Kaposi’s sarcoma, the skin malignancy infection related to the herpes virus is influenced by the active substance in marijuana, THC. Most prominently seen on AIDS patients, the vast majority of marijuana smokers probably do not need to worry about contracting the painful skin lesions of Kaposi’s sarcoma.
Kaposi’s sarcoma is an opportunistic infection of the skin that occurs when patients are operating with a significantly weakened immune system, such as when immune functioning is compromised by AIDS or after organ transplant surgery. Researchers have known that marijuana use seems to prompt increasing incidences of the condition, but until recently couldn’t say why.
Increased cancer risk
Research at Harvard Medical School looked at the role of THC, which is the active psychotropic substance in marijuana, and found that THC seemed to assist the opportunistic virus in entering the endothelial cells, which are the cells that make up skin and related tissue. The researchers also presented evidence that THC seems to additionally promote the transition to cancerous malignancy of the infected tissue, but they explain that although they are confident that THC is facilitating this malignancy, they are not yet exactly sure what molecular mechanisms are causing the increased cancer risk.
The study authors have concluded that THC increases the risks of Kaposi’s sarcoma, and they as a result caution anyone with a weakened immune system from using marijuana, medically or otherwise. Medical marijuana is currently promoted as an effective antidote to AIDS wasting for its hunger inducing qualities, yet the current study may call into question the practice of medicinal marijuana usage in certain immune system compromised populations.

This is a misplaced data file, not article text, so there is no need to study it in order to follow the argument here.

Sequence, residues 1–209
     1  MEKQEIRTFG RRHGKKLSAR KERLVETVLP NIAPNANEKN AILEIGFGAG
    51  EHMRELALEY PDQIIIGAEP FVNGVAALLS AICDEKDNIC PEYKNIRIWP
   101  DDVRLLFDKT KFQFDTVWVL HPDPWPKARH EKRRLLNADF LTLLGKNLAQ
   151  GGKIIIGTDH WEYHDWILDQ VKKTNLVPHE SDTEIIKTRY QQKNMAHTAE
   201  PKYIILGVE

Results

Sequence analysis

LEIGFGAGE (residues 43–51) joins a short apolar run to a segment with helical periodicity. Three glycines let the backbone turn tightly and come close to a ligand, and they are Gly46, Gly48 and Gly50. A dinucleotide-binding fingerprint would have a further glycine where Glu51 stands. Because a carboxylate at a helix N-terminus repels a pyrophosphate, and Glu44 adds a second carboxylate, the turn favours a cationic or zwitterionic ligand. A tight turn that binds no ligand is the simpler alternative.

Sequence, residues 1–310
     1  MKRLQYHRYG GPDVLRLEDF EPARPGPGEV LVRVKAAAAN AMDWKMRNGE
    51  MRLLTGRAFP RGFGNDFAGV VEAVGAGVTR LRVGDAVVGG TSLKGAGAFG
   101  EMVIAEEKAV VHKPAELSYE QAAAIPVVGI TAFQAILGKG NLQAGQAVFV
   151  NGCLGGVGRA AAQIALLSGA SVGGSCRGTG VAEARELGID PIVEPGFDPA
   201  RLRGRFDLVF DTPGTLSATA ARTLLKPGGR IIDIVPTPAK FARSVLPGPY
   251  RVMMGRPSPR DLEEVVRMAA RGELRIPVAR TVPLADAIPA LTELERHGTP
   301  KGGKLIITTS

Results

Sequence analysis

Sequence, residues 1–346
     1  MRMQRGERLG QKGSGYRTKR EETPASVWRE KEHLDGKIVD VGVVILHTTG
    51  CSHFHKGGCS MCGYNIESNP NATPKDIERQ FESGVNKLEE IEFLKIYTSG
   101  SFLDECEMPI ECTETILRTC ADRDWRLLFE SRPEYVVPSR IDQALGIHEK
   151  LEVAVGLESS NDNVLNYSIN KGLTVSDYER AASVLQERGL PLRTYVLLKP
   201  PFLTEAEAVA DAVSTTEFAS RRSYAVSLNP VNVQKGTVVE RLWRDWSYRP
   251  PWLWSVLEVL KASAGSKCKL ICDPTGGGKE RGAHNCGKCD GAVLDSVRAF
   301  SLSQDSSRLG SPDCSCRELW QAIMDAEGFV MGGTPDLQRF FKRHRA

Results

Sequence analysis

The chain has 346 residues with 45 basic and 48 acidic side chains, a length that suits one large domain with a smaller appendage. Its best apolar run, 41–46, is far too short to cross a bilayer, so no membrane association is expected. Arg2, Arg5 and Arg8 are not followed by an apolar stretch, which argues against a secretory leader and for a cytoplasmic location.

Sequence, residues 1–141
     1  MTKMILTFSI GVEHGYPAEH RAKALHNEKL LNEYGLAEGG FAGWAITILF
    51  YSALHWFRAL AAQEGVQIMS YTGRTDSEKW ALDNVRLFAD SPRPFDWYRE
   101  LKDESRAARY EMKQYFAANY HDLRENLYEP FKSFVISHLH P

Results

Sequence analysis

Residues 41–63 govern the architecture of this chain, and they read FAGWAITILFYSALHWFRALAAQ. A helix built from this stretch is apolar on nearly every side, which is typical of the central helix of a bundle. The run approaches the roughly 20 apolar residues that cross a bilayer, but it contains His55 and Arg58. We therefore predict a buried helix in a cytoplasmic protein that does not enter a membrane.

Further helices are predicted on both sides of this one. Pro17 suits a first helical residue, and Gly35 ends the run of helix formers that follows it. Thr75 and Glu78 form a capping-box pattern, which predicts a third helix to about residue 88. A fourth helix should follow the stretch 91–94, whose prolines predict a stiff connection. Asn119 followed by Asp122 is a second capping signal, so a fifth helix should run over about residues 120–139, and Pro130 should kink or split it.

The research leaders explain that while most regular marijuana smokers have a similar amount of THC in the bloodstream to the amounts used to induce sarcoma in the study, most people are unlikely at risk for this opportunistic infection, and that only those people with compromised immune systems should be concerned. About medical marijuana I am neither for nor against the use of medical marijuana.
The issue has become too political for my liking, and I believe that proponents on both ides of the debate have lost the ability to rationally argue the merits its usage. The fact that marijuana, in addition to having medical uses is also a mood altering substance does not limit its legitimacy, and if we use that rationale to disclude its usage, neither can we use any number of potent pain medications. Contrarily, neither is medical marijuana likely to be the panacea that its proponents seem to be arguing that it is.
Medical marijuana clearly has some limitations, as is illustrated by this recent research, and may not be as harmless as many would argue. Let’s have a clear examination of the facts, and use this powerful substance in a controlled manner when it proves beneficial, and keep it away from those that it would harm (which is the vast majority).